General Data Protection Regulation

General Data Protection Regulation (GDPR) by 25th May 2018 for Organisations

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In the website, they talk generally about what individuals and organisations need to go through and know with respect to the new data protection regulation that is due to go live in May this year.

This article summarises the 12 steps that organisations need to consider to try to be somewhat compliant by this date.

  1. Become aware – It is important that key personnel in your organisation are aware that the law is changing to the GDPR, and start to factor this into their future project planning
  2. Become accountable and responsible – Make an inventory of all personal data that you hold and examine it i.e. Why are you holding it; How did you obtain it; Why was it originally gathered; How long will you retain it; How secure is it both in terms of encryption and accessibility; do you ever share it with third parties and on what basis might you do so?
  3. Communicate GDPR with your staff – Review all current data privacy notices alerting individuals to the collection of their data
  4. Know about Personal Privacy Rights – You should review your procedures to ensure they cover all the rights individuals have, including how you would delete personal data or provide data electronically and in a commonly used format.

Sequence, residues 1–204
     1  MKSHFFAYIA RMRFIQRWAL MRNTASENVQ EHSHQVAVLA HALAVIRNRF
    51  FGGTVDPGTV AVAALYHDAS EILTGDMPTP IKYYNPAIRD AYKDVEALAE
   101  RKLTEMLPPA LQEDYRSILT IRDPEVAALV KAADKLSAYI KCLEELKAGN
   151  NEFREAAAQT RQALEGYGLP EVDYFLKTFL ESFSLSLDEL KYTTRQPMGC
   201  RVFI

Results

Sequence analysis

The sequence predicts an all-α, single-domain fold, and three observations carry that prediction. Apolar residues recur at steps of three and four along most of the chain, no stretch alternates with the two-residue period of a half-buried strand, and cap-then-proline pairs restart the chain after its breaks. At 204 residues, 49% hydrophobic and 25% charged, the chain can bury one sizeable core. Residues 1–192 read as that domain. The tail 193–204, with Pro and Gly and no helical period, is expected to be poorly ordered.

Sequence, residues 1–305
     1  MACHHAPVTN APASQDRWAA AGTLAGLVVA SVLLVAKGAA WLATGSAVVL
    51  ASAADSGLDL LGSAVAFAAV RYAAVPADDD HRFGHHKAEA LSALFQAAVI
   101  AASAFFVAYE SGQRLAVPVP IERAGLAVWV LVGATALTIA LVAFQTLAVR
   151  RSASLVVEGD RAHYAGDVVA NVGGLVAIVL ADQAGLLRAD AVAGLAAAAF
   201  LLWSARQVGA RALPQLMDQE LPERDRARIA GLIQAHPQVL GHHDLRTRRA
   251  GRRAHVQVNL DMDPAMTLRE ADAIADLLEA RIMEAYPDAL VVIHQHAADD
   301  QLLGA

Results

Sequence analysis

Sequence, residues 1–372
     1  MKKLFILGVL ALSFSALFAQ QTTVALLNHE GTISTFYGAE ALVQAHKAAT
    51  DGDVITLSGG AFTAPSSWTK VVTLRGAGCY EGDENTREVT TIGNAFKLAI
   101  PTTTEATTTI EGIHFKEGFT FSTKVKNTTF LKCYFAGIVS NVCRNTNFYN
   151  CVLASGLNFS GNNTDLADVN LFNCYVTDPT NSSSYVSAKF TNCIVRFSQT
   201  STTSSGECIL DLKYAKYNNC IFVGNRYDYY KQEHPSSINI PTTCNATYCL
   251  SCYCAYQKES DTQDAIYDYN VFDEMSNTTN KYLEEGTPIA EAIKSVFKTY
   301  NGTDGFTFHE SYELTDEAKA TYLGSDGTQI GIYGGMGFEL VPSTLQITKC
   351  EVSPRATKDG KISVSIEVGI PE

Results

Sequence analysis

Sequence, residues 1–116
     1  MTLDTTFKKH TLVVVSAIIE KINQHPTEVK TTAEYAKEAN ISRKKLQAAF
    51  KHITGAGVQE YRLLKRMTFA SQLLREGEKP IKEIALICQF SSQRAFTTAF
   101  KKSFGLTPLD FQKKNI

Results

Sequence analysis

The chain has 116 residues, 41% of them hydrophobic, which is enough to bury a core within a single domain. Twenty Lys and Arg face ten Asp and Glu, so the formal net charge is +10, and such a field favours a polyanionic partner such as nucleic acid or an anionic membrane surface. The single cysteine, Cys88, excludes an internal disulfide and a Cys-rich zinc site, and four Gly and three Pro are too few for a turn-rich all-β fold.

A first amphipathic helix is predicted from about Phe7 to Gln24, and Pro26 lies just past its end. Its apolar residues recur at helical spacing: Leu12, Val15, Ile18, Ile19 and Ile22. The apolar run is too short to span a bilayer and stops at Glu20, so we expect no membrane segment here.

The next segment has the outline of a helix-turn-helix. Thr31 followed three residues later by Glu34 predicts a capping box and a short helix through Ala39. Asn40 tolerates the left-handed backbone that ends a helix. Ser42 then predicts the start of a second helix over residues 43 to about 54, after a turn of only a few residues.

5. How will personal data access requests change – You should review and update your procedures and plan how you will handle requests within the new timescales. There should be no undue delay in processing an access request within one month
  6. What does a ‘Legal Basis’ mean – You should look at the various types of data processing you carry out, identify your legal basis for carrying it out and document it. This is particularly important where consent is relied upon as the sole legal basis for processing data
  7. Customer consent as a reason to process personal data – If you do use customer consent when you record personal data, you should review how you seek, obtain and record that consent, and whether you need to make any changes. Consent must be ‘freely given, specific, informed and unambiguous’
  8. Processing children’s personal data – If the work of your organisation involves the processing of data from underage subjects, you must ensure that you have adequate systems in place to verify individual ages and gather consent from guardians
  9. Data Protection Impact Assessments (DPIA) – DPIA is the process of systematically considering the potential impact that a project or initiative might have on the privacy of individuals. It will allow organisations to identify potential privacy issues before they arise, and come up with a way to mitigate them
  10. Reporting data breaches – You should make sure you have the right procedures in place to detect, report and investigate a personal data breach
  11. Data Protection Officers (DPOs) – GDPR will require some organisations to designate a Data Protection Officer (DPO). Organisations requiring DPOs include public authorities, organisations whose activities involve the regular and systematic monitoring of data subjects on a large scale, or organisations who process what is currently known as sensitive personal data on a large scale
  12. Cross-border data processing and the one stop shop – GDPR includes the one stop shop (OSS) mechanism, which will be in place for data controllers and data processors that are engaged in cross-border processing of personal data.



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